• Winnipesaukee Bell Telephone Company – 1881
• Laconia Electric Light Company – 1884
• Laconia and Lake Village Waterworks – 1885
(In August, 1926, the Laconia Gas & Electric Company joined with 3 utility companies from Manchester, Nashua and Keene to form PSNH. On January 4, 1956, the City of Laconia purchased the Weirs Water Company from George W. Tarlson.)
Ownership/management of the New Hotel Weirs changed frequently over the years.
W.H. Sanborn, 1880-1892
Charles E. Sleeper, 1893-1894
Dr. J. Alonzo Greene, 1895 -1901
Merritt & Brown 1902
Dr. J. Alonzo Green 1903-1904
E.C. Hibbard, 1905-1907
Drs. F.A. & J.A. Greene 1908
J.G. Venetos, 1910
Dr. J. Alonzo Green 1911 (w John J. Leahy as manager)
Lucas & Lancaster, 1912-1913
Lancaster & Lane 1914-1921
Frank H. Green/Lancaster & Lane Hotel Co., late 1922 -1924
The New Hotel Weirs was not the only large hotel in Weirs Beach at this time, although it was certainly the grandest and best known. Just across the way stood the imposing, 4-story Lakeside House, with 118 rooms. And further down Lakeside Avenue, even the more compact Story’s Tavern still offered about 70 rooms. Other notable hotels of the time included the Winnecoette, the Endicott, the Aquedoktan, and the Lakeview. Of all the hotels mentioned, only the Lakeview is still in the business of accommodating travelers today.
The Lakeside House became the Lakeside Hotel in the 1940’s, and then the Winnipesaukee Marketplace in 1986 when the 1890 and 1899 additions behind the original 1880 4-story central building were torn down to make way for “Fanueil Hall North”. Of course, it didn’t work out that way. Purchased by the Ames family in 1991, the building now houses on its first floor the Patio Garden Restaurant, Stageview Subshop, and J.B. Scoops Ice Cream. There remain about 20 vacant rooms in the upper 3 stories of the building.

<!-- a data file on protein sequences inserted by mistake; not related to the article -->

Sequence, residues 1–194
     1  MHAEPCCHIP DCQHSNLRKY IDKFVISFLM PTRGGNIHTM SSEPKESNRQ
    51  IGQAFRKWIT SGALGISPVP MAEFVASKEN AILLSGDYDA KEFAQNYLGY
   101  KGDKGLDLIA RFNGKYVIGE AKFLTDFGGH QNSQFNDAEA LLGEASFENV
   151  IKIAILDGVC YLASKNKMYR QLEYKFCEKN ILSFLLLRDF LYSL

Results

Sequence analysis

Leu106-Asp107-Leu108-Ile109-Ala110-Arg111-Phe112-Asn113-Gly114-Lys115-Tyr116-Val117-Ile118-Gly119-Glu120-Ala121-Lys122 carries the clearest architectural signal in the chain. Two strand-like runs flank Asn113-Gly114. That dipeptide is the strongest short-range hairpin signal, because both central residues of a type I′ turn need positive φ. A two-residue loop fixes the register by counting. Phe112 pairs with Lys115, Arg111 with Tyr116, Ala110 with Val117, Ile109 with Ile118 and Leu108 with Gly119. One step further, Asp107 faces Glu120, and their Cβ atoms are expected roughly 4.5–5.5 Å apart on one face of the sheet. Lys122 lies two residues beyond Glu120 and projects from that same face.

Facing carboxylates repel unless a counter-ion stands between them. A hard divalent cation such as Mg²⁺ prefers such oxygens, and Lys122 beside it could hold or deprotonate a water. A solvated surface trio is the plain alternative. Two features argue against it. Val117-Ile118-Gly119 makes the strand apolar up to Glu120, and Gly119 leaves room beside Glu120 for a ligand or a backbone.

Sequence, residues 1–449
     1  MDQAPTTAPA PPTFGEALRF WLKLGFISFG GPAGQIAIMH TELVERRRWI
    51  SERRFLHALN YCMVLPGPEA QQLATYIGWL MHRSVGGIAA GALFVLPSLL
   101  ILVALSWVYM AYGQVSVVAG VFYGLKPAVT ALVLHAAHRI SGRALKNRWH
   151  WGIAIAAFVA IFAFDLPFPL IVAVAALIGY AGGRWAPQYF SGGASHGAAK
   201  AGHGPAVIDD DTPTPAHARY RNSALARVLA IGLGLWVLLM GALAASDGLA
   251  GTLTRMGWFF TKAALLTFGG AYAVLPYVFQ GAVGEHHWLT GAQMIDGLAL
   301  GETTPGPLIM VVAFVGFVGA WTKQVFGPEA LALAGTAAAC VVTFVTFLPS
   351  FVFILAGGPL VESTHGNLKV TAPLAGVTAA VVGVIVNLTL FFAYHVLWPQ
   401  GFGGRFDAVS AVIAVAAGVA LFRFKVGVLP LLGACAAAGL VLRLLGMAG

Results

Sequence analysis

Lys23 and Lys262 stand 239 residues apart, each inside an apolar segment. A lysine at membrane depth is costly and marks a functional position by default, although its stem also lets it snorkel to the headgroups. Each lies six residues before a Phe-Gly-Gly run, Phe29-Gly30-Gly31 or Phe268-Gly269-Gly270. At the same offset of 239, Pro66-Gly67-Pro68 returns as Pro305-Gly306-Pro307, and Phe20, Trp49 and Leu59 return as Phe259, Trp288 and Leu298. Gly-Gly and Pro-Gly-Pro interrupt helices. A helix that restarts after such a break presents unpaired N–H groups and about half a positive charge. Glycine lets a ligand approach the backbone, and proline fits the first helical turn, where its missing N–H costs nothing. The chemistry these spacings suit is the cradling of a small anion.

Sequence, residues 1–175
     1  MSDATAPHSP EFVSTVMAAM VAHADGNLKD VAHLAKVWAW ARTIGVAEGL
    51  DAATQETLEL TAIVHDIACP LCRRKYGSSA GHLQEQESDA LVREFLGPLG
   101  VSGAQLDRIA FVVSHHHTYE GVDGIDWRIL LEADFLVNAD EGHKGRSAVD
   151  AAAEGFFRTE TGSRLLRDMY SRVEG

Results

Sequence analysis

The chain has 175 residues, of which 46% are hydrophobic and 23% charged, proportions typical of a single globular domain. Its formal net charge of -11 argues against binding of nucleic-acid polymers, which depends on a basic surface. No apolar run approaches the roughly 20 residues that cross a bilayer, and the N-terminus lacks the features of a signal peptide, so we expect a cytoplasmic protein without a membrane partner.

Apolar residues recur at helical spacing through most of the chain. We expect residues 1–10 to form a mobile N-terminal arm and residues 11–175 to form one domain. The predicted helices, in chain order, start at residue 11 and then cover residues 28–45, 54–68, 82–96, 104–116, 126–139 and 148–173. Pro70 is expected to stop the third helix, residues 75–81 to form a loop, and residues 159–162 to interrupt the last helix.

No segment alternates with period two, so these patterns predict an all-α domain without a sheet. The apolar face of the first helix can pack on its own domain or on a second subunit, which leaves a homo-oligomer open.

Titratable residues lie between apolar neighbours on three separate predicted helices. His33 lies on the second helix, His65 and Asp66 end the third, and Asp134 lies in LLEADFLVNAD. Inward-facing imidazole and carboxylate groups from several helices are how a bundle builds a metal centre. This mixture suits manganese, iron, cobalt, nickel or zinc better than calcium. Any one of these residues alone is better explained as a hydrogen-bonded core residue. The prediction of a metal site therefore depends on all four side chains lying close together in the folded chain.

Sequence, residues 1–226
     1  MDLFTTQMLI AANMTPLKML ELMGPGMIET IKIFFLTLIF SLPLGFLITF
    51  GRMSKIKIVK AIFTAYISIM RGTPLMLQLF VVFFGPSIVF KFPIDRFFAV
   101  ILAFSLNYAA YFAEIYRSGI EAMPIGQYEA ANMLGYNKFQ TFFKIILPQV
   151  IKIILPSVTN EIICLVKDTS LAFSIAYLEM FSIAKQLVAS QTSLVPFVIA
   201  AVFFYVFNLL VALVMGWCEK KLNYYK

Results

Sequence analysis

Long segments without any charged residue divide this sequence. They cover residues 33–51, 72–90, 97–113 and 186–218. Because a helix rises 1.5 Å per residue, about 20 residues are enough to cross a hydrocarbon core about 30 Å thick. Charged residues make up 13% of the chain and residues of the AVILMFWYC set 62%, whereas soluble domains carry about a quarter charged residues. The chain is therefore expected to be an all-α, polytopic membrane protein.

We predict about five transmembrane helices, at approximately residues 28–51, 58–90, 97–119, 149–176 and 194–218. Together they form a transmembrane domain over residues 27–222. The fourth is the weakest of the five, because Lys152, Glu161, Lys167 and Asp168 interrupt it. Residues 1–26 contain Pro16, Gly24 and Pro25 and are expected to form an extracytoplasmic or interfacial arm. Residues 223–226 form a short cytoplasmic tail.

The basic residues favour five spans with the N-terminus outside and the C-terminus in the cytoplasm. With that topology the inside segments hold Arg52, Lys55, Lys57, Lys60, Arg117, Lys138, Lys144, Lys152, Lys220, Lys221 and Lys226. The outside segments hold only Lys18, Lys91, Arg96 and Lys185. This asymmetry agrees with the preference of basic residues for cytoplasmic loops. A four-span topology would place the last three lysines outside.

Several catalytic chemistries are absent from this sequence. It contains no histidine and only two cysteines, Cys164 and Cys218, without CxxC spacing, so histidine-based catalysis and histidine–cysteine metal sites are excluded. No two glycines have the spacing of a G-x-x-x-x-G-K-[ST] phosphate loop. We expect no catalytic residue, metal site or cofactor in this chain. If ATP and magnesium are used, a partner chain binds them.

Strollers on Lakeside Avenue departing the Lakeside House in 1913
For more colorful images of the Lakeside House,
click here to see the entire Lakeside House Gallery; or,
click below to see individual postcards from the Gallery.
Built around 1886, Story’s Tavern changed its name many times over the years, first becoming a Tavern instead of a Hotel in the late 1890’s, then taking on the name of (owner Alice) Cawley’s in 1922, and finally taking on the name of the “Weirs Hotel” in the 1940’s. By the 1980’s it had fallen into disrepair and was called “That Olde House”; the unoccupied building burned down on September 27, 1991. Now the location of the Beachview parking lot.
Strollers on Lakeside Avenue passing by Story’s Tavern in 1910
For more colorful images of Story’s Tavern,
click here to see the entire Story’s Tavern Gallery; or,
click below to see individual postcards from the Gallery:
|Perhaps to capitalize on the enduring fame of the New Hotel Weirs, Story’s Tavern was renamed the “Weirs Hotel” in the 1940’s. (The cabins mentioned in the ad were located directly behind the hotel; they did not burn down in 1991 and still exist.)|
The end of the Golden Era at Weirs Beach came swiftly. On November 9, 1924, a great fire destroyed the New Hotel Weirs, as well as numerous other Weirs Beach structures. In 1925, the Laconia Street Railway (see below), which for years had brought a steady stream of customers to Weirs Beach from the burgeoning nearby “City on the Lakes”, ceased operations. And in 1929, before the grand hotel could be rebuilt, the stock market collapsed, bringing on the Great Depression. Weirs Beach was never the same again.
In the early 1930’s businessman Bob Wagner built the Half Moon Tea Room – restaurant, snack bar, bowling alley, and cabins – on the spot of the former Hotel. The modern era of Weirs Beach had begun.
Above – Laconia Street Railway Trolley No. 20 heads towards Weirs Beach.
Below – Trolley No. 14, parked in Weirs Beach
The Seashore Trolley Museum in Kennebunkport has a similar trolley in its collection.
Trolley No. 18 at Weirs Beach, ready to head to Laconia
Trolley No. 12 passing through Lakeport Square. Click here to enlarge.
Trolley No. 19, named Aquedoctan, was an enclosed trolley, used for winter transportation. Note the destination sign indicating Lakeport and Weirs.
Above, the summer timetable for the Laconia Street Railway. From the 1907 NHVA reunion program.